Red Queen, a young adult fantasy novel written by Victoria Aveyard, has been a project Elizabeth Banks has been after for a few years. It had stalled in the past but is going full steam ahead. This turn of events is thanks to the NBCUniversal streaming service Peacock.
Banks will, of course, write, direct, produce, and play a “major” supporting role in the series. Arrow writer/producer Beth Schwartz co-wrote the pilot with Aveyard. This is a good sign, as some of her Arrow episodes were quite enjoyable. Then again … some were not.
The plot description of the series given by Variety is succinct enough, “…set in an alternate near-future America where democracy is replaced by a monarchy led by a group of humans with superpowers who rule with an iron fist over those without powers. Mare, a fiery young woman born to poverty without powers, is doing the best she can to survive and protect her family when she discovers the unthinkable: She somehow has powers too. This shocking discovery turns our world upside down and catapults our unlikely hero to become the face of a revolution for the oppressed while searching for the truth behind the greatest mystery of all…how she became so powerful in the first place.”
Not overly original, but it’s nice to see a project with superpowers that isn’t clothed in DC or Marvel spandex. There is an underlying worry that crept up while reading that, though.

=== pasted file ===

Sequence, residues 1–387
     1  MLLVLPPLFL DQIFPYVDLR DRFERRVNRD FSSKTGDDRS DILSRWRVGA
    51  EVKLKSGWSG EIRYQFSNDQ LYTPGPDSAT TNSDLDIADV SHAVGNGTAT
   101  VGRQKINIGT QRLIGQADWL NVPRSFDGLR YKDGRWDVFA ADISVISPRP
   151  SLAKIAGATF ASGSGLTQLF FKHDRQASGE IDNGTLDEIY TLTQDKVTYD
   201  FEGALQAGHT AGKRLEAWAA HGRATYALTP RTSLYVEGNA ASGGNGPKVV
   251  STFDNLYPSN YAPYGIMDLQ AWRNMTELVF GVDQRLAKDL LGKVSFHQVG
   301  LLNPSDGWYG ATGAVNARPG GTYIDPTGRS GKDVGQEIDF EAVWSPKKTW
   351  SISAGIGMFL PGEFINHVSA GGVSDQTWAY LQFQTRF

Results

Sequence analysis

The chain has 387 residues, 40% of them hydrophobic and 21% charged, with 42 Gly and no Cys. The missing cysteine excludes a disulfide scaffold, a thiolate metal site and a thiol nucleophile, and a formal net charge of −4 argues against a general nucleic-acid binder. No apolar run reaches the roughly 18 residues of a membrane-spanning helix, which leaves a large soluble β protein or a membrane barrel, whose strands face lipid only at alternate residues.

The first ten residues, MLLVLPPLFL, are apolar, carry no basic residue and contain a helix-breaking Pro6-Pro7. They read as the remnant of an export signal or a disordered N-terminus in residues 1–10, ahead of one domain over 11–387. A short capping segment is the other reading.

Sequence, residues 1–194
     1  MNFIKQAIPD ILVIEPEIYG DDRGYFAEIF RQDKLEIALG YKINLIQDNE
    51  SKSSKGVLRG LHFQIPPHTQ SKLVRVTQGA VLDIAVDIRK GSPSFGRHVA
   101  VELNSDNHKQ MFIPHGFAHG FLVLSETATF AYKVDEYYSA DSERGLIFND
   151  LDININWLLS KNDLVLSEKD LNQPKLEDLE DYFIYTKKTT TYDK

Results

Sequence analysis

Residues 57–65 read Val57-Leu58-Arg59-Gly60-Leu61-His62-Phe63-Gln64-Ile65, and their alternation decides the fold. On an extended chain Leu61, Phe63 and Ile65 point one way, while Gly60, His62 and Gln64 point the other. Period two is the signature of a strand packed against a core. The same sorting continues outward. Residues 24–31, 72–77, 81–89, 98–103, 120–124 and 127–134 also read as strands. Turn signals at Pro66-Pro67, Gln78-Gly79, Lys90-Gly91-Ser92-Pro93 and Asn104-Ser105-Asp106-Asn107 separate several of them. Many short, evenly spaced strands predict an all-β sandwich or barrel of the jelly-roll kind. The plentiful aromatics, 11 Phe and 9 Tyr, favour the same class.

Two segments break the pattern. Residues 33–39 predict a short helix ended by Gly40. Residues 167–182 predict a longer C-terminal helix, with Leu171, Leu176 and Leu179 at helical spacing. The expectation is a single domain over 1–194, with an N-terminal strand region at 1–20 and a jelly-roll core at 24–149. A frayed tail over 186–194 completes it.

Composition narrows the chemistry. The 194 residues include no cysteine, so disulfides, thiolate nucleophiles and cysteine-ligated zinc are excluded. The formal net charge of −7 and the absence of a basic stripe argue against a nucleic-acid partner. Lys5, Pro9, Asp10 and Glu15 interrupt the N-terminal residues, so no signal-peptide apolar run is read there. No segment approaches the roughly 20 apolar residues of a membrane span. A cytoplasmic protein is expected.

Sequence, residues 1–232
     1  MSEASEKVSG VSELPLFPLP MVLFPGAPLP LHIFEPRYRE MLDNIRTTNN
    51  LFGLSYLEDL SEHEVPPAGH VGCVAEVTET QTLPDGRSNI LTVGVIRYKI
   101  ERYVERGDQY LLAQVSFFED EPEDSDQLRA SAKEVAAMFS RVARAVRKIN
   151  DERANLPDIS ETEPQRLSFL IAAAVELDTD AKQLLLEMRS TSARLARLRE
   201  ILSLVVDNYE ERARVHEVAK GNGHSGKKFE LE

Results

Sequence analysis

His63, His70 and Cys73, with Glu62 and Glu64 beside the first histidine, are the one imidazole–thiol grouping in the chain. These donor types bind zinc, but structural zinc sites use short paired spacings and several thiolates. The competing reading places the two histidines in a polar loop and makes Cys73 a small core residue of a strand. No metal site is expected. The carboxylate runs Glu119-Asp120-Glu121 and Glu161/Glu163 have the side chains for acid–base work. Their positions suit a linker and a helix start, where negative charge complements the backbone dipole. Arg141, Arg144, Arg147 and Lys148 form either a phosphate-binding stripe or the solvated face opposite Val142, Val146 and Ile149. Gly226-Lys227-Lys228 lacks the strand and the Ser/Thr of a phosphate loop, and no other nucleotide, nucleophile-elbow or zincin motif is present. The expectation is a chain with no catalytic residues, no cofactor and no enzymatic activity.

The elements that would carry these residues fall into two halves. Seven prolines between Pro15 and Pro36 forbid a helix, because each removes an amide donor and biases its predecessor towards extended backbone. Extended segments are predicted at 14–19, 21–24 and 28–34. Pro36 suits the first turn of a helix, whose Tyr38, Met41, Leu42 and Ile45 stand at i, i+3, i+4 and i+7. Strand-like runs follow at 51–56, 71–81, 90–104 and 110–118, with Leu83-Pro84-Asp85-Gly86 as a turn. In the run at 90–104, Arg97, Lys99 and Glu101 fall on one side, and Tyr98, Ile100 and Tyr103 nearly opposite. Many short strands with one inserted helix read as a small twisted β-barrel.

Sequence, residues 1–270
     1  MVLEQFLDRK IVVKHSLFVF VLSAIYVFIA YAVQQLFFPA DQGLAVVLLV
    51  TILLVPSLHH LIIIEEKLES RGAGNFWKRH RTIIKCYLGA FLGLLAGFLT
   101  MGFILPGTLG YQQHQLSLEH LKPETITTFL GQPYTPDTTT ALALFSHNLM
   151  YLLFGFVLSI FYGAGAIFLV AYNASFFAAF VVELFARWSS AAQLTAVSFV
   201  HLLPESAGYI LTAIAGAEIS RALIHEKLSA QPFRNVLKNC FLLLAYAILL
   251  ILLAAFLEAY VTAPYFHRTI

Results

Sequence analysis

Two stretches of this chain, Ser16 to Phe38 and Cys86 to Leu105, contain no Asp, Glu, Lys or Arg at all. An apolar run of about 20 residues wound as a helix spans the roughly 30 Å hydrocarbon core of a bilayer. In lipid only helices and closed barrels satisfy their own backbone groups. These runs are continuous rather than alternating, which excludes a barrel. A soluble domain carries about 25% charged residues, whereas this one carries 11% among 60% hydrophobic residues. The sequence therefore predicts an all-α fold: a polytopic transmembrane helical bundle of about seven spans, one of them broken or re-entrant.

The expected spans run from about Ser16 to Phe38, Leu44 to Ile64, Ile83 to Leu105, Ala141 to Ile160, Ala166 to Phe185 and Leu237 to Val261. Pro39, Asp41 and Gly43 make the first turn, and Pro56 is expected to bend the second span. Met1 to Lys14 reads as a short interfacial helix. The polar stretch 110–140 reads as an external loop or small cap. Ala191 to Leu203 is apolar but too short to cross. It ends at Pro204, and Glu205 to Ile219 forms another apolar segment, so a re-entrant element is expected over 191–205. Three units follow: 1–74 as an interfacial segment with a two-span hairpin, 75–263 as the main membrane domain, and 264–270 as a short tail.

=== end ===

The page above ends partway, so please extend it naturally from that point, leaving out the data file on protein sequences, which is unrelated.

If the plot of this series feels like it has the potential to be politically charged, that’s up Elizabeth Banks’s alley. She is no stranger to pushing activism in her work to disastrous effect. Anyone who saw the Charlie’s Angels reboot could agree. Banks may not have had input into the pilot script, but what will be her input afterward?
Her adversarial view of men may not go over well when she tries to market a new project to the masses. Do men watch strong women on TV? This was her preemptive statement before Angels flopped, “If this movie doesn’t make money it reinforces a stereotype in Hollywood that men don’t go see women do action movies.”
I’ll give most things in the entertainment industry a chance. If the writing sucks, I leave. If the characters are boring, I turn it off. If the plot has the consistency of a rural back road in Florida, I’ll pass.
I’m all for an underdog story. Taking out the powers that be by using their own strengths against them? Yes, please. Load it up with dialog and talking points that are as subtle as a sledgehammer to the testes? No, thank you. If I wanted that, I’d go back on Twitter.
What are your thoughts on Banks adapting this young adult novel? Let us know in the comments.
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